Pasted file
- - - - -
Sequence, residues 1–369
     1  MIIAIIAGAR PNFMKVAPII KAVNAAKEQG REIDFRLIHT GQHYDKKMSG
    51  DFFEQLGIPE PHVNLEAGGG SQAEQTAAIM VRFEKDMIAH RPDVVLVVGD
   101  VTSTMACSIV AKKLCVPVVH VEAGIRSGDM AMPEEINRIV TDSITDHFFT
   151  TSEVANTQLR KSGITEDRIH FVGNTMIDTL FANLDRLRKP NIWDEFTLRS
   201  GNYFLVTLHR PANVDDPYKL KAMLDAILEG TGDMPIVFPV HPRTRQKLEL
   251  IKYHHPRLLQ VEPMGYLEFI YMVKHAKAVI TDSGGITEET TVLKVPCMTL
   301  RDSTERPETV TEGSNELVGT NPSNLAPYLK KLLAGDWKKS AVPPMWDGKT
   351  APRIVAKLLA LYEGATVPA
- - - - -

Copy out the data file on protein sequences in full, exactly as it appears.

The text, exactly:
Sequence, residues 1–369
     1  MIIAIIAGAR PNFMKVAPII KAVNAAKEQG REIDFRLIHT GQHYDKKMSG
    51  DFFEQLGIPE PHVNLEAGGG SQAEQTAAIM VRFEKDMIAH RPDVVLVVGD
   101  VTSTMACSIV AKKLCVPVVH VEAGIRSGDM AMPEEINRIV TDSITDHFFT
   151  TSEVANTQLR KSGITEDRIH FVGNTMIDTL FANLDRLRKP NIWDEFTLRS
   201  GNYFLVTLHR PANVDDPYKL KAMLDAILEG TGDMPIVFPV HPRTRQKLEL
   251  IKYHHPRLLQ VEPMGYLEFI YMVKHAKAVI TDSGGITEET TVLKVPCMTL
   301  RDSTERPETV TEGSNELVGT NPSNLAPYLK KLLAGDWKKS AVPPMWDGKT
   351  APRIVAKLLA LYEGATVPA